The sun is already burning on this June morning as fourteen people pile into the minibus parked in the Praça de Londres Park in Lisbon, close to the home of Saramago. The last ones to board are José Saramago himself and his wife Pilar del Rio. She is the president of the foundation named after him and the organiser of the trip.

Pilar addresses the group “we are going to be the first ones to follow Salomon’s Journey”. It is the start of a pioneering adventure, similar to that of the Camino de Santiago or Don Quixote. “We have no idea what lies ahead”, warns Pilar, but her husband immediately pipes up “but we’re going to see some wonderful things”.

As there is no record of Saloman's actual journey, the writer decided not to mention places names, thus creating the desired aura of mystery in the pages of his latest novel. Only two locations are recorded in the book: the departure point and the arrival point. Given as a wedding present to her cousin Maximilian, Archduke of Austria by Catherine of Austria, wife of King João III, Salomon the elephant's journey starts at Belém, near Lisbon, as he sets off towards Vienna. The Portuguese leg of his journey ends at Figueira de Castelo Rodrigo on the Spanish border.

“The elephant in the story enjoyed his trip. Although the places on the route we have chosen do not relate directly to what the elephant experienced”, was how the author introduced this trip on his blog, “O Caderno de Saramago” (Saramago's notebook). The reason for the journey: “The old villages must be reivindicated, they are alive!” Pilar del Rio explains that the task that the José Saramago Foundation proposes to link up these villages in a "Camino" or route to revitalise them. She adds that contact had already been made with Ministry of Culture in order to launch this project.

The tragic fate of the elephant who crossed the Alps

Constância is our first stop. The minibus door had hardly opened when a draught of hot air made us want to follow the elephant’s footsteps to one of the rivers, the Zêzere or the Tagus, which converge here in an embrace. In front of Jerónimos Abbey, Saramago asks us to "cast our imagination to the 16th century. The place would have been a mudflat swarming with the elephant near the water accompanied by its mahout." At a function in his honour, Saramago compares the extremely difficult journey undertaken by Salomon and his entourage centuries ago, to our modern ways “we have got too used to air conditioning, heating …”. He also laments the disrespect with which Salomon was treated after his death "they cut off his feet and made hat stands with them. This should never have been done to an elephant that had walked across the Alps from Lisbon …”.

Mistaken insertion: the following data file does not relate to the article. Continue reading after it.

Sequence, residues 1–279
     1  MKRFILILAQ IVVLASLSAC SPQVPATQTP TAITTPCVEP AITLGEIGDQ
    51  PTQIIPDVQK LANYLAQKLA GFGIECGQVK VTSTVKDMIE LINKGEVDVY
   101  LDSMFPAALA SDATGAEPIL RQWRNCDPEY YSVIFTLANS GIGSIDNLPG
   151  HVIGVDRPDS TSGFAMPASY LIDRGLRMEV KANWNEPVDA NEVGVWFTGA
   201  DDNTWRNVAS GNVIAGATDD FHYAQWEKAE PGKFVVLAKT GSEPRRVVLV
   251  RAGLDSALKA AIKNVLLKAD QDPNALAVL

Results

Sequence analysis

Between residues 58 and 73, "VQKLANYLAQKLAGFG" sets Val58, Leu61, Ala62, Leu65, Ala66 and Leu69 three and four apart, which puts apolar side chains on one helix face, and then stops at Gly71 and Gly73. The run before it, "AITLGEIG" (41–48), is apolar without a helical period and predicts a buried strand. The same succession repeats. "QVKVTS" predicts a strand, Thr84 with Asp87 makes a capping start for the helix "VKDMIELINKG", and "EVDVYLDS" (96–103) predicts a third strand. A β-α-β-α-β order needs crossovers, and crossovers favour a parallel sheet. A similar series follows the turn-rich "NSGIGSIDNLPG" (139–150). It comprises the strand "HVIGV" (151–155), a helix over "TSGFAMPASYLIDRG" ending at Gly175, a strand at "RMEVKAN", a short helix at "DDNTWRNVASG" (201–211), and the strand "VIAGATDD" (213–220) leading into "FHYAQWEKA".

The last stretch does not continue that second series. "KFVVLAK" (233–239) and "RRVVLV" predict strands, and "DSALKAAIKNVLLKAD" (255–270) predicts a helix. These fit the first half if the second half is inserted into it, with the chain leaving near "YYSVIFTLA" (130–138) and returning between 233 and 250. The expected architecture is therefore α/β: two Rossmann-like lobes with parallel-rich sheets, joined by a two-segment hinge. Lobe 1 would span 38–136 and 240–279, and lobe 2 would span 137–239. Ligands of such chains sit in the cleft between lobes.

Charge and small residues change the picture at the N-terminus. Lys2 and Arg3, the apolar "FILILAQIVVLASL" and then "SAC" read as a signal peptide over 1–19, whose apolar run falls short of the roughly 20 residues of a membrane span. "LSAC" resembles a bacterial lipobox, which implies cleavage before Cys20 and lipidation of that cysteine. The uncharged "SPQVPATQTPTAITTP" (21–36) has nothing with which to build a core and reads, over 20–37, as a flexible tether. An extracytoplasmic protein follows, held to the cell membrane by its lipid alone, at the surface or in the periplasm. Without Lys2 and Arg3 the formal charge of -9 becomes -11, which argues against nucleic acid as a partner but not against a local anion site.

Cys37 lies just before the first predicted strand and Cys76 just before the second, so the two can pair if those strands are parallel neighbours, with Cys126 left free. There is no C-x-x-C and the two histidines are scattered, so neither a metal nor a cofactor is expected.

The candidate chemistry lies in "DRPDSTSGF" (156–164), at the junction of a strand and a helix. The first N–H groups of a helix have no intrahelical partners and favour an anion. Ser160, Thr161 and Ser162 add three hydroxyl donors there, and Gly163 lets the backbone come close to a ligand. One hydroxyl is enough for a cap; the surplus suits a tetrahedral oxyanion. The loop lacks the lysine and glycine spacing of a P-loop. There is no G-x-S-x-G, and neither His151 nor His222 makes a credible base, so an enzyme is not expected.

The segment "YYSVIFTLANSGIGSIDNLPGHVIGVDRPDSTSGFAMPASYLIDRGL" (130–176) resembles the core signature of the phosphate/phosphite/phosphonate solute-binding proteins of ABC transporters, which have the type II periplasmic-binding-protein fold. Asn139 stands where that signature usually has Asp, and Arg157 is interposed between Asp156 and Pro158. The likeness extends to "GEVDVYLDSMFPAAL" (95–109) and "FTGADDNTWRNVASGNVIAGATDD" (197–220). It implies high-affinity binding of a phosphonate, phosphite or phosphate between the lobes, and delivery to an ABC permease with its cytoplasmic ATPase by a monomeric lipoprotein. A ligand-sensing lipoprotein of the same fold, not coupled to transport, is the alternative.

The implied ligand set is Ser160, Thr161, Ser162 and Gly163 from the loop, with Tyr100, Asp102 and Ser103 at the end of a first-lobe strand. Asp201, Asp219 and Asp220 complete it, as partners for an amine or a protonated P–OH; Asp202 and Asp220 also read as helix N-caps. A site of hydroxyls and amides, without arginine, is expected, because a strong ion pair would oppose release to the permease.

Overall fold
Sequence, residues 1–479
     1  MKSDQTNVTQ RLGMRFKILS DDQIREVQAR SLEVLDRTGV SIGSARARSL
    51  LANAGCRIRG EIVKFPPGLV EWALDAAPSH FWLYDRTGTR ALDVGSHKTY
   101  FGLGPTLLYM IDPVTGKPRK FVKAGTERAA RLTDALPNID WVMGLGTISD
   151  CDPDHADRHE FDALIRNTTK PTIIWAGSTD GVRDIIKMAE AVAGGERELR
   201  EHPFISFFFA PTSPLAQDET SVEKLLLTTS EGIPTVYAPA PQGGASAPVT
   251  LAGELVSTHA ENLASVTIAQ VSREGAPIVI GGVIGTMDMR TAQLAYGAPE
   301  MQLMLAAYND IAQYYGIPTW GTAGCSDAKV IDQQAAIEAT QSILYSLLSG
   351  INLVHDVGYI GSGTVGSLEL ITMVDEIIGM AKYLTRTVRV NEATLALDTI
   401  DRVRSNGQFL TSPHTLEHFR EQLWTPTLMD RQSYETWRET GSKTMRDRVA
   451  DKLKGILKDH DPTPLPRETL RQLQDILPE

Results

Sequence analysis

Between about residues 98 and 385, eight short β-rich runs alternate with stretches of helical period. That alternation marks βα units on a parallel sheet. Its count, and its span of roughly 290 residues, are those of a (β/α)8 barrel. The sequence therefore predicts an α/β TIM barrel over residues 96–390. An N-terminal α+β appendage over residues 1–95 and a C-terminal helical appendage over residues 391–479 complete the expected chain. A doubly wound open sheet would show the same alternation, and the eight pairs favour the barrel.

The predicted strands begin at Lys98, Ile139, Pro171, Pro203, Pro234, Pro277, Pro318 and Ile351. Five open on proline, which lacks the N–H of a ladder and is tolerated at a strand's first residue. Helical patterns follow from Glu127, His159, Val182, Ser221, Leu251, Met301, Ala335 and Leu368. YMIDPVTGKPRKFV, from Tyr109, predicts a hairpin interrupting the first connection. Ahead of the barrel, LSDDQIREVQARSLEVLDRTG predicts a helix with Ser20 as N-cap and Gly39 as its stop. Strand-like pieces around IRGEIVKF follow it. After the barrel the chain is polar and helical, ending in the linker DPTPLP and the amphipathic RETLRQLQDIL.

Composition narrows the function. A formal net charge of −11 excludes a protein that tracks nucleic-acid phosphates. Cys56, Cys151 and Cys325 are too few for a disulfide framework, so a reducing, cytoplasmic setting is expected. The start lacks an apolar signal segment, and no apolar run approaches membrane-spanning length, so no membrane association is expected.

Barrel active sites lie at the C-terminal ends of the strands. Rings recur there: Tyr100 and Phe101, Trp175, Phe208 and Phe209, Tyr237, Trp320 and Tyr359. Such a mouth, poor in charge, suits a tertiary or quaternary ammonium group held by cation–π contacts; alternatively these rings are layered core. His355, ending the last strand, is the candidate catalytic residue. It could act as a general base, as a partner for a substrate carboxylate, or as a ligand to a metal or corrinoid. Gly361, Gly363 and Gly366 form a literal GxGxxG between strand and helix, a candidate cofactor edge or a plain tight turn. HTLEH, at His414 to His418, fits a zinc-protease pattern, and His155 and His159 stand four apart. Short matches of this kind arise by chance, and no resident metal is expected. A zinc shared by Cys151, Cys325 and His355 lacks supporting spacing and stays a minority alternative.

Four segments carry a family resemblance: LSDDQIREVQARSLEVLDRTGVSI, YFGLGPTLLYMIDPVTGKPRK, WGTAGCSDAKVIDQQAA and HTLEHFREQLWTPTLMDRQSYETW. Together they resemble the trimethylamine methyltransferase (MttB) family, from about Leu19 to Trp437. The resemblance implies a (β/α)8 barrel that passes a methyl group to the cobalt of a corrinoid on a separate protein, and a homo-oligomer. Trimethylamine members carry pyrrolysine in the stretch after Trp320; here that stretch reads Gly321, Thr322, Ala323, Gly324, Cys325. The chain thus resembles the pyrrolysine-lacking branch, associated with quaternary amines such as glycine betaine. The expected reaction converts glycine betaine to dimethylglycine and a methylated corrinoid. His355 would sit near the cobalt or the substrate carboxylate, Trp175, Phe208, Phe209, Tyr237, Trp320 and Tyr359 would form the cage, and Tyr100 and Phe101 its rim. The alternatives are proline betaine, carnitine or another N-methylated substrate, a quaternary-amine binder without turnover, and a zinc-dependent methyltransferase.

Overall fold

His listeners are moved, just as they are during a very special recitation from of a passage about their town from “Viagem a Portugal” (Journey to Portugal), published thirty years ago.

Castelo Novo is one of the most moving memories of the traveller. It is a small place, but even so was the scene of confusion that irritates the writer. He insists on pointing out that the large square of the Municipal Council House is not the square with he Manueline pillory and fountain erected on the orders of King João V, refered to in his “Viagem a Portugal”. “Would I have written so much if this were the square in question?!” he argues.

When we finally find the real pillory, it was time to hear another reading from what the Nobel prizewinner wrote so long ago. At the end of the day in Figueira de Castelo Rodrigo with the Rodrigo Castle overlooking, the scene is set for the writer to bid farewell to Salomon where the elephant crossed into Spain on its way to Valladolid. There is a final curious twist: just as Salomon went on to Valladolid, so too does Saramago, on his way to give a talk. The writer was pleased that the elephant seemed to have come to life again, and that it has become the link capable of creating a route through the historical villages and towns in the country.